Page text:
About 2 years ago I started a series of features called, Featured Everyday Lifters. The project was to take 1 year to complete. But as I got to know more in the weightlifting community, I realized there were so many untold stories that my timeline of a 1 year project, turned into 2!!
I'd like to introduce you to a weightlifting coach by the name of Marc Chasnov. A familiar name among older coaches across the country. Hopefully after this feature, it will prompt others to get to know those that have incredible stories of weightlifting.
Enjoy Marc's story!
Marc Chasnov, The Son
Pictured above, Alan Chasnov
Marc was surrounded with barbells and plates from an early age. In 1954 New York Times published a story of a little 3 year old Marc Chasnov running on to the platform after his father won state championships.
His father, Alan Chasnov, was a weightlifter himself. He would train in his basement with a few other weightlifters. Alan built a separate 6x8 room that had a drop area where weightlifters could lift over head.
Marc shared his memories of falling into the pit and getting stitches from to time to time. Little did he know the same plates that would split his lip, would be the ones he would be lifting when he got older.
Marc described his father as a "tough bird". Once having to run 6 miles to make weight to compete at the 1964 Junior Nationals/Olympic Trials. *Junior Nationals would be considered the American Open now.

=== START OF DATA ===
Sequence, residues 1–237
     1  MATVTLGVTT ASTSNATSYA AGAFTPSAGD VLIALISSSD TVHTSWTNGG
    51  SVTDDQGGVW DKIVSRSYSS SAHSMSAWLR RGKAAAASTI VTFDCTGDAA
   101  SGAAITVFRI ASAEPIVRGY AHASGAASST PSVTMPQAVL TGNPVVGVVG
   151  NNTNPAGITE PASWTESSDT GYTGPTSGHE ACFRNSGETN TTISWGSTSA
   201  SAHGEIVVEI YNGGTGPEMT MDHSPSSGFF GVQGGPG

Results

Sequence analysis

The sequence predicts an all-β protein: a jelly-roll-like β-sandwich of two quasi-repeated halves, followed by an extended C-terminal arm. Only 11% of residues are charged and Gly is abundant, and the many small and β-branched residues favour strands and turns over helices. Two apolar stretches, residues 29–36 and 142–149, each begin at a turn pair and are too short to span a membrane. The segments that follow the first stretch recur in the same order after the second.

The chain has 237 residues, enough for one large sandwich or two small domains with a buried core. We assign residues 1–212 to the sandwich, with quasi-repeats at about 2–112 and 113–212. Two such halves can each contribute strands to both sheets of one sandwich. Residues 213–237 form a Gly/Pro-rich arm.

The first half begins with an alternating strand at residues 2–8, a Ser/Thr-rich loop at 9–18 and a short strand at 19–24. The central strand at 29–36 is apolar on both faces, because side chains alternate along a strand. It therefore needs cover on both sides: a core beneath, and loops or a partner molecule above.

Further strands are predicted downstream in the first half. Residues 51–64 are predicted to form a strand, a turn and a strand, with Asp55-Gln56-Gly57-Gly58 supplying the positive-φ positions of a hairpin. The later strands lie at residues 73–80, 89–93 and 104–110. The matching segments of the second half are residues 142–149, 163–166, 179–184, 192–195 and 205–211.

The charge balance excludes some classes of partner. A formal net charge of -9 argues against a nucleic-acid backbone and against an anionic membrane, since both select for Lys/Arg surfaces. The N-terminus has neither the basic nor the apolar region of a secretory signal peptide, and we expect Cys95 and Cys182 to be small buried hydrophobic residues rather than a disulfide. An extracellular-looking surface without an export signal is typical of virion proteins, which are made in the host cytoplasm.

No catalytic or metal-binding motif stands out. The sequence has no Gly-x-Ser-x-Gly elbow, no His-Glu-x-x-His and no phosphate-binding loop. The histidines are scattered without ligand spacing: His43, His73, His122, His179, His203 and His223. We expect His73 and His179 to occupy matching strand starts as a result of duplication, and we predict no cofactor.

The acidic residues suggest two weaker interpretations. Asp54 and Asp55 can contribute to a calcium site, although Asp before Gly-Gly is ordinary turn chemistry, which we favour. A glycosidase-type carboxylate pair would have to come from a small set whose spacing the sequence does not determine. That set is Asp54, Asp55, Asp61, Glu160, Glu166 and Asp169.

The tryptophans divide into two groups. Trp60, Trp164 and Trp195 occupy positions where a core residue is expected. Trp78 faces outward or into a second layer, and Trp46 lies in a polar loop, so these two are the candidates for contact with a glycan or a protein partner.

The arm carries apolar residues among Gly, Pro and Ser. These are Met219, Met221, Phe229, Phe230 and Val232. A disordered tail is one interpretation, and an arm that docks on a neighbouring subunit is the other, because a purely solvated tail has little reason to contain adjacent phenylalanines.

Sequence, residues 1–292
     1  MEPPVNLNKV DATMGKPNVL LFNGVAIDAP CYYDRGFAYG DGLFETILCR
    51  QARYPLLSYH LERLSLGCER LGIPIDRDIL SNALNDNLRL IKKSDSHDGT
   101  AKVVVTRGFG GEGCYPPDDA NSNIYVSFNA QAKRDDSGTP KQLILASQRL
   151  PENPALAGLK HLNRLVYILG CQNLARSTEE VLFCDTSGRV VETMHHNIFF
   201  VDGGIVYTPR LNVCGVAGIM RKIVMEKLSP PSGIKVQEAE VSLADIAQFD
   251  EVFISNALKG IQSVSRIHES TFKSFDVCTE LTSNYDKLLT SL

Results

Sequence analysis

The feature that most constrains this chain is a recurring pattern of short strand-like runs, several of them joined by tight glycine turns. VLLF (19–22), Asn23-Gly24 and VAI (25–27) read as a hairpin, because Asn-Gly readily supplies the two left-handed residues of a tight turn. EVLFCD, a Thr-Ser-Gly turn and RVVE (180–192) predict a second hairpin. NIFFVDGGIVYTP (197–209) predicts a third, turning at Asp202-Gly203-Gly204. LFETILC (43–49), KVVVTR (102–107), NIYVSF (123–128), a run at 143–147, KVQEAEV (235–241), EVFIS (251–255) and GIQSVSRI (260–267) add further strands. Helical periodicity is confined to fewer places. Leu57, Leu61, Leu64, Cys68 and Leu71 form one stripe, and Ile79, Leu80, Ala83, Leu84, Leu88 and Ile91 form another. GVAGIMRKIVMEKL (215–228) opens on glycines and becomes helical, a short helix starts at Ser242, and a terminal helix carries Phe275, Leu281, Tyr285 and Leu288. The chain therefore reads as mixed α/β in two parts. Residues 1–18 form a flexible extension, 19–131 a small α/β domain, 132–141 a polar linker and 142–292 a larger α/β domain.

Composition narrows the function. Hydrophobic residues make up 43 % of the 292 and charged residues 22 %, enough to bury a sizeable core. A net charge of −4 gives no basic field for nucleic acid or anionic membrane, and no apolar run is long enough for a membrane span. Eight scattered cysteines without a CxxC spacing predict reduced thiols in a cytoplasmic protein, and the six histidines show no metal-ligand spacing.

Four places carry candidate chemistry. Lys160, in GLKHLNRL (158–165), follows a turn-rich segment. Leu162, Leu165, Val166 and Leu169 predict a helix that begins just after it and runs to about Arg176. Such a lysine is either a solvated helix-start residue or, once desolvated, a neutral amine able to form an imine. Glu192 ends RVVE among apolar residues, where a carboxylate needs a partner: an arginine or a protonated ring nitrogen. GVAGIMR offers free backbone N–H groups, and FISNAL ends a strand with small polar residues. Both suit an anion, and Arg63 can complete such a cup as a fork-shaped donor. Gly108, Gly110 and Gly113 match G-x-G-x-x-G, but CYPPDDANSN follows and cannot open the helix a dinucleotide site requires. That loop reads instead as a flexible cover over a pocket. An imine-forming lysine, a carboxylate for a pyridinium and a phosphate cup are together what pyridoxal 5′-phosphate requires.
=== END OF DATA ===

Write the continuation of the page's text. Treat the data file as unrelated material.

At 43 years old, Alan placed 6th in the Olympic trials and other weightlifters confused him for a vibrant 20 something year old. All encouraged him to try out again the following year. However, as a masters weightlifter and a family man, Alan didn't have much interest in competing at a greater level.
Alan's background in gymnastics is why he remained so strong as a masters weightlifter.
Marc Chasnov, The Weightlifter
Best in competition: (90kg) 125kg in the snatch, 165kg in the clean and jerk. "If you lifted weights back then you were considered odd; Something people didn't do." -Marc Chasnov
Marc never had any interest in playing team sports. However, from watching his father train, Marc started doing handstand pushups and eventually they became a daily habit of, 10 sets of 10. Once those became easy, Marc incorporated his father's low parallet's bars to make the sets more challenging.
"When I was 17, I realized that I didn’t want to play team sports. So I just went home one day and said, 'Dad, teach me' and he started showing me. Of course I was impatient..trying to go too fast.
I learned the split style though when I first started. Weighing 75 kg, I snatched 100 kg and clean and jerked 125 kg. I switched over in college and no one ever really taught me. Unless you got tied into a really good coach, you didn’t have any coaching so there was no coaching back then. You did it on your own.
I was blessed in a sense, because my father had lifted in New York. So all the great lifters in New York when I started, Larry Mintz, (who was the first person to win nationals at olympic weightlifting and powerlifting in the same year)...Nick and Butch Curry’s father, Jim.. they would always help me out. Then Dave shepherd, who was at one time the best lifter in the world, took a liking to me. So all these people, when I went to competitions, were very nice and were all very encouraging."
Around 1970 Marc began to redirect more of his time and effort from competing to coaching.
The Start of Women's Weightlifting
Marc met Karyn through her boyfriend at the time.